|Institution:||Delft University of Technology|
|Keywords:||BLI; boundary layer ingestion; distortion; D8; inlet distortion; NASA N+3|
|Full text PDF:||http://resolver.tudelft.nl/uuid:e230606e-611c-49a3-a3d4-51268fd7d12a|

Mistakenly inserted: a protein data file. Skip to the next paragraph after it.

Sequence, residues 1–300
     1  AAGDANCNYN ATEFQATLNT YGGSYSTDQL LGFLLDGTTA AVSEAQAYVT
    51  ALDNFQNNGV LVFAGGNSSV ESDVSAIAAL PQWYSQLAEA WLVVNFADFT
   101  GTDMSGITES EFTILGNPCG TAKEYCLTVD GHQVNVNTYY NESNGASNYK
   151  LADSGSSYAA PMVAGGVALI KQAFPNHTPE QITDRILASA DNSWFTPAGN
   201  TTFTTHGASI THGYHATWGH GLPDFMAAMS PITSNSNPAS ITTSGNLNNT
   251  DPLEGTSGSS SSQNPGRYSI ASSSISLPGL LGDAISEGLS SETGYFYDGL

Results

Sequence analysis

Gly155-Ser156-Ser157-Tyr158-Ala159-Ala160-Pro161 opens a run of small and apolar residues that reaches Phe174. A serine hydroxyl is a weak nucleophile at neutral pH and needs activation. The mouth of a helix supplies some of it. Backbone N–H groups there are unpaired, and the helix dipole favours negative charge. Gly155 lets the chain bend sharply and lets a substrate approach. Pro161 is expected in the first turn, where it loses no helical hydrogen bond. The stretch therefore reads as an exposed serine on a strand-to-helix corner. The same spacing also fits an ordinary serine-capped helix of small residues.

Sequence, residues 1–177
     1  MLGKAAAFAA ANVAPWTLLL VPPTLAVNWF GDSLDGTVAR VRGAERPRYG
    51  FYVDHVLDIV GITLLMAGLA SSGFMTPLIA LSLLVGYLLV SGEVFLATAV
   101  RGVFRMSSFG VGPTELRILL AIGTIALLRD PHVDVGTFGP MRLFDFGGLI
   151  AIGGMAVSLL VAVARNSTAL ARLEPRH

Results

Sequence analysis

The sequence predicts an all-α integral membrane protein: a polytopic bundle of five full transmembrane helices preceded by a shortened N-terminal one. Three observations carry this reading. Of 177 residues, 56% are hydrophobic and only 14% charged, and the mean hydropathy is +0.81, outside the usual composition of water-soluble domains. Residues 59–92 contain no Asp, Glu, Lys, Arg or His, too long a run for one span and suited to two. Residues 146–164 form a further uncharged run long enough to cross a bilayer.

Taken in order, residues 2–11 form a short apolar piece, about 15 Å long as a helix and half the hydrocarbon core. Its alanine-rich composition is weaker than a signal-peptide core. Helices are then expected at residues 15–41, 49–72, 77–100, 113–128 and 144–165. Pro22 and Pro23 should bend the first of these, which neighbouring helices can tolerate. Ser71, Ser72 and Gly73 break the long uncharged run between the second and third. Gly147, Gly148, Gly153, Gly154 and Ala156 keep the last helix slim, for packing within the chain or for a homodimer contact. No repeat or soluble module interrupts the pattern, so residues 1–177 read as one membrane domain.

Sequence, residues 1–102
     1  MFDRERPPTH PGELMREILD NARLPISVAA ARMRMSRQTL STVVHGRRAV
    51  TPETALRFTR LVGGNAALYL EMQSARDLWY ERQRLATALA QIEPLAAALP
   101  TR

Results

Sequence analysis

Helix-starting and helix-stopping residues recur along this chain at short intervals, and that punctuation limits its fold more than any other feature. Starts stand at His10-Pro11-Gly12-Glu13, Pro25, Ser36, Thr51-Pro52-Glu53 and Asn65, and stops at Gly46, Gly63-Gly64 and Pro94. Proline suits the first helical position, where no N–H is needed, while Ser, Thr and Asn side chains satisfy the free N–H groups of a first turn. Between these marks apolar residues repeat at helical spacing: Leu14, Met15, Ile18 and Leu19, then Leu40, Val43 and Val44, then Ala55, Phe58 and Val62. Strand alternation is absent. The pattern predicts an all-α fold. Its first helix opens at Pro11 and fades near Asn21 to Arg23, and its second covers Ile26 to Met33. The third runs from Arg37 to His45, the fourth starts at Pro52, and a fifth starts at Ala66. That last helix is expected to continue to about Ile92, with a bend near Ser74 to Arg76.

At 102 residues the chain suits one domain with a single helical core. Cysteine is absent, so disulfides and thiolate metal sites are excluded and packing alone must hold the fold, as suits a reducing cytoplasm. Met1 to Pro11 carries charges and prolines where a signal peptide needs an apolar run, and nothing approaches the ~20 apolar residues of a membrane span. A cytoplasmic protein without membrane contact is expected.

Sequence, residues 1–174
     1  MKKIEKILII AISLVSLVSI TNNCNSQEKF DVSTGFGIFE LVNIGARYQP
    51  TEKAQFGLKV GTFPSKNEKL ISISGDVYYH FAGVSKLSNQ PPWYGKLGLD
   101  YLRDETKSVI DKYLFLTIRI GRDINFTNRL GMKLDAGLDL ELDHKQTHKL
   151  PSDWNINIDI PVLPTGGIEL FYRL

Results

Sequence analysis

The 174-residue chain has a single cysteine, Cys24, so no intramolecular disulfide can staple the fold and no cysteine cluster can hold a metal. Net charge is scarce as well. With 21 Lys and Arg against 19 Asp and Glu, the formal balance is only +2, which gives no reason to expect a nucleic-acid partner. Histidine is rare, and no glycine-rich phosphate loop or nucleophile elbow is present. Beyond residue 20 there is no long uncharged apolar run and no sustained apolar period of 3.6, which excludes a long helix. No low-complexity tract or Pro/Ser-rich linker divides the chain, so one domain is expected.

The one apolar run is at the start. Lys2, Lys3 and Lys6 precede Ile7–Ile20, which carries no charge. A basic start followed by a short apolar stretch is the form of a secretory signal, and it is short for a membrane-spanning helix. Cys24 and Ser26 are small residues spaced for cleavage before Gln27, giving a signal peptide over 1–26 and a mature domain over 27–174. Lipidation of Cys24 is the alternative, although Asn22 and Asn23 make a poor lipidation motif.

This thesis experimentally assesses the inflow towards the propulsors and the pressure distribution at the propulsor fan-face for the boundary layer ingesting D8 aircraft, and examines the dependence of the model, the propulsor and the flight condition on the inlet distortion. Use is made of mini-tuft flow visualization and five hole probe pressure surveys. The results are compared with CFD simulations. The experiments were performed at the most important mission points of the D8: cruise, descent, start of climb, and top of climb. CFD was only performed for cruise and top of climb. From the pressure distributions the distortion coefficient, DC(60), was calculated, the maximum variation in pressure over a specified circumferential segment (60°). At cruise the DC(60) equaled ~0.3, compared to DC(60)~0.1-0.2 for conventional aircraft. The D8 model caused cross-flow to the propulsors, the flow is directed towards the sides of the model. Both fans rotate in the same direction, such that one propulsor has the flow in the direction of rotation, and the other has the flow opposite to the direction of rotation, causing an asymmetry between the left and right propulsor. The flight phase is characterized by α, the angle of attack, λ, the ratio of tip velocity over tunnel speed, and β, the yaw angle. It is found that at a high value of λ the pressure differences at the fan-face are reduced by engine suction, lowering the distortion and counter-acting the cross-flow. A low value of λ means a relative lower influence of the propulsor on the flow, such that the propulsor is not able to (fully) counter-act the cross-flow, resulting in a higher difference in DC(60) and power required between the left and right propulsor. Changing α mainly changes the location of the pressure distributions. The results from experiments agree well with CFD, there is a 1% deviation in DC(60) at top of climb condition, and 6% at cruise. The pressure distributions look similar and the pressure coefficient values scale equally, from -0.8 to 0. Further research should focus on the exact fan response on the distortion. The D8 used conventional engines, optimized for uniform inflow. Developing a BLI optimized engine could further increase the BLI benefit. The D8 model induced cross-flow, resulting in an asymmetry between the left and right engine. Eliminating this cross-flow by a change in model design could also decrease the distortion.